pestilentially


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pes·ti·len·tial

 (pĕs′tə-lĕn′shəl)
adj.
Pestilent.

pes′ti·len′tial·ly adv.
References in classic literature ?
For Van Horn had often listened to the recitals of Jerry's pedigree by Tom Haggin, over Scotch-and-sodas, when it was too pestilentially hot to go to bed.
1100-1300"; Nicholas Temple, "Julius II as Second Caesar"; Louisa MacKenzie, "Imitation Gone Wrong: The 'Pestilentially Ambitious' Figure of Julius Caesar in Michel de Montaigne's Essais"; Margaret Malamud, "Manifest Destiny and the Eclipse of Julius Caesar"; Maria Wyke, "Caesar, Cinema, and National Identity in the 1910s"; Giuseppe Pucci, "Caesar the Foe: Roman Conquest and National Resistance in French Popular Culture"; Nicholas Royle, "Julius Caesar and the Democracy to Come"; Niall W.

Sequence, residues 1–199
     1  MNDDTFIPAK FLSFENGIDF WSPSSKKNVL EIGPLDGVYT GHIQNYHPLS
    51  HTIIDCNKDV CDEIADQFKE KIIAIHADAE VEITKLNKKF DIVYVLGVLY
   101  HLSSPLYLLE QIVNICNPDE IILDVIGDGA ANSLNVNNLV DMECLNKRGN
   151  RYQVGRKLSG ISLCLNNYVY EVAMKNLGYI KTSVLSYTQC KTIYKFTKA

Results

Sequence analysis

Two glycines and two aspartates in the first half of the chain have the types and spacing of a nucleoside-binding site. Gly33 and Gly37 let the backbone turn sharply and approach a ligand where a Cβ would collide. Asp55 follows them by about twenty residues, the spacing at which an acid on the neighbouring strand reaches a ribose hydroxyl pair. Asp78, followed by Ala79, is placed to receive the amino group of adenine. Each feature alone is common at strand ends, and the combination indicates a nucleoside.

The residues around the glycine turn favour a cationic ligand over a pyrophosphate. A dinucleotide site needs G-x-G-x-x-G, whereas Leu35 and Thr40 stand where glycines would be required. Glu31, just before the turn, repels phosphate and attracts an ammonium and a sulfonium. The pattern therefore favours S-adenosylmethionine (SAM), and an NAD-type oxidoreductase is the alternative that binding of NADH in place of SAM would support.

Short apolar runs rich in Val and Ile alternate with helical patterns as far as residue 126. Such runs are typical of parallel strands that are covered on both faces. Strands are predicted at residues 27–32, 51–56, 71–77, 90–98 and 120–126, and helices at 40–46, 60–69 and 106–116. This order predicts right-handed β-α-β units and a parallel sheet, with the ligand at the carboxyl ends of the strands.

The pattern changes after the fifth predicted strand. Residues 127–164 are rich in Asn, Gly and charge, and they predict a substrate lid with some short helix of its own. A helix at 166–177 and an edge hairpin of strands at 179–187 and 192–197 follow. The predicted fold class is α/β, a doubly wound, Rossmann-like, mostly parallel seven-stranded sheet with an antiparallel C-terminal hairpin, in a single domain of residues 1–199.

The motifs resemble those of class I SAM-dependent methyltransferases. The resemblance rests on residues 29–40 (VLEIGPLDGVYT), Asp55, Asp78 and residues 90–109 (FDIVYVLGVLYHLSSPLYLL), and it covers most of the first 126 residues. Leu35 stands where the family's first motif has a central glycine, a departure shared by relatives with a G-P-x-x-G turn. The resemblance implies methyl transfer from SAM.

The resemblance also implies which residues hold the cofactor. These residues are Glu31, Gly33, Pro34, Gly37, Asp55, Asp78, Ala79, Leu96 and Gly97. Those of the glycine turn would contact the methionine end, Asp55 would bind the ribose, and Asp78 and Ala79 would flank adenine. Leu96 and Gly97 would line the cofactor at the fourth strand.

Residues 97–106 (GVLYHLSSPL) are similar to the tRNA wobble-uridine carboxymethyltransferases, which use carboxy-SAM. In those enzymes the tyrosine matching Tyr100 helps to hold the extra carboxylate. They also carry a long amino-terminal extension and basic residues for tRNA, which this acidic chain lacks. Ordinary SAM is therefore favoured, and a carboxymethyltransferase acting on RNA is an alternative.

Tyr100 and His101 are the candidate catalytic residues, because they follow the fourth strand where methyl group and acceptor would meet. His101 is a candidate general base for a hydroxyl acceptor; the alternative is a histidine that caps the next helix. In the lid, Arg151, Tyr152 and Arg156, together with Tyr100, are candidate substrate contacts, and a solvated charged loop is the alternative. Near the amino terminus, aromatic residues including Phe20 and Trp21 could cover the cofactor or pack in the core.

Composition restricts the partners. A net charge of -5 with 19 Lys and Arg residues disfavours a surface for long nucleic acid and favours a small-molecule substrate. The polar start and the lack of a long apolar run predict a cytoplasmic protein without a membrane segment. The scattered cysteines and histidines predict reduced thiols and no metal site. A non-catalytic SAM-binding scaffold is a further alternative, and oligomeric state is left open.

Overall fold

Although Ralph worries that Easter will turn out to be more "pestilentially virile" than Woodbury, the "gaunt, rusty-headed man of forty or forty-five" (p.